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Table_1_Differential Brain Activity in Regions Linked to Visuospatial Processing During Landmark-Based Navigation in Young and Healthy Older Adults.DOCX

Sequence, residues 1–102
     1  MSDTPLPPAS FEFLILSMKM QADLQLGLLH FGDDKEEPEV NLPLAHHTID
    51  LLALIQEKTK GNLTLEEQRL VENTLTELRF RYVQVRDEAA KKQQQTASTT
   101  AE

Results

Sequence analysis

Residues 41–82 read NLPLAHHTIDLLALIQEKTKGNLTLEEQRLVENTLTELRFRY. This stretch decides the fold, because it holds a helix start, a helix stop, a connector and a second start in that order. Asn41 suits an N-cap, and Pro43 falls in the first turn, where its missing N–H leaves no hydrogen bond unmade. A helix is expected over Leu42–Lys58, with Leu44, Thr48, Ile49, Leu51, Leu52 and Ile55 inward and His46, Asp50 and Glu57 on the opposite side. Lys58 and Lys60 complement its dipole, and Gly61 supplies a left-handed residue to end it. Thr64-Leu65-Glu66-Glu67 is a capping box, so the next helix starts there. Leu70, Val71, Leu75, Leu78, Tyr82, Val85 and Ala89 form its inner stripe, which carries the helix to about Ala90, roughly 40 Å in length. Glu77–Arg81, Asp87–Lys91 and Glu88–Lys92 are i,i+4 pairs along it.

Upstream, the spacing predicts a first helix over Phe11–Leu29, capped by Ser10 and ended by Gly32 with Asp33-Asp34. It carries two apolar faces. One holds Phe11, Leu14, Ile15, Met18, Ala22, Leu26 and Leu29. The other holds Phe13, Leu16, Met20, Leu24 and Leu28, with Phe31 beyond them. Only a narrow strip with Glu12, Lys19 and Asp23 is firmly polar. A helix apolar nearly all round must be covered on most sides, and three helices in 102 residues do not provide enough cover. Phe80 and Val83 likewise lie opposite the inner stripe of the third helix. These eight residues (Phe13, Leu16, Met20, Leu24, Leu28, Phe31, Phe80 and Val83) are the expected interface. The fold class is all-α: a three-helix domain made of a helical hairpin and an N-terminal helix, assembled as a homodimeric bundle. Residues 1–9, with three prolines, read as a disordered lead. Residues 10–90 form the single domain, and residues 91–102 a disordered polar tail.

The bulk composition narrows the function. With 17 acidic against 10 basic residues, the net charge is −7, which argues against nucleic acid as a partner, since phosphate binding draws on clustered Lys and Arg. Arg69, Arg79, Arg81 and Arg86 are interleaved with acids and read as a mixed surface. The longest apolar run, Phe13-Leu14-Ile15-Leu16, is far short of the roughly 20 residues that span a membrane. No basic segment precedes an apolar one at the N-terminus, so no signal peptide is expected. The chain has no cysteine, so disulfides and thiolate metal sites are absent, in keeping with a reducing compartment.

Older adults have difficulties in navigating unfamiliar environments and updating their wayfinding behavior when faced with blocked routes. This decline in navigational capabilities has traditionally been ascribed to memory impairments and dysexecutive function, whereas the impact of visual aging has often been overlooked. The ability to perceive visuospatial information such as salient landmarks is essential to navigating efficiently. To date, the functional and neurobiological factors underpinning landmark processing in aging remain insufficiently characterized. To address this issue, functional magnetic resonance imaging (fMRI) was used to investigate the brain activity associated with landmark-based navigation in young and healthy older participants. The performances of 25 young adults (μ = 25.4 years, σ = 2.7; seven females) and 17 older adults (μ = 73.0 years, σ = 3.9; 10 females) were assessed in a virtual-navigation task in which they had to orient using salient landmarks. The underlying whole-brain patterns of activity as well as the functional roles of specific cerebral regions involved in landmark processing, namely the parahippocampal place area (PPA), the occipital place area (OPA), and the retrosplenial cortex (RSC), were analyzed. Older adults’ navigational abilities were overall diminished compared to young adults. Also, the two age groups relied on distinct navigational strategies to solve the task. Better performances during landmark-based navigation were associated with increased neural activity in an extended neural network comprising several cortical and cerebellar regions. Direct comparisons between age groups revealed that young participants had greater anterior temporal activity. Also, only young adults showed significant activity in occipital areas corresponding to the cortical projection of the central visual field during landmark-based navigation. The region-of-interest analysis revealed an increased OPA activation in older adult participants during the landmark condition. There were no significant between-group differences in PPA and RSC activations. These preliminary results hint at the possibility that aging diminishes fine-grained information processing in occipital and temporal regions, thus hindering the capacity to use landmarks adequately for navigation. Keeping sight of its exploratory nature, this work helps towards a better comprehension of the neural dynamics subtending landmark-based navigation and it provides new insights on the impact of age-related visuospatial processing differences on navigation capabilities.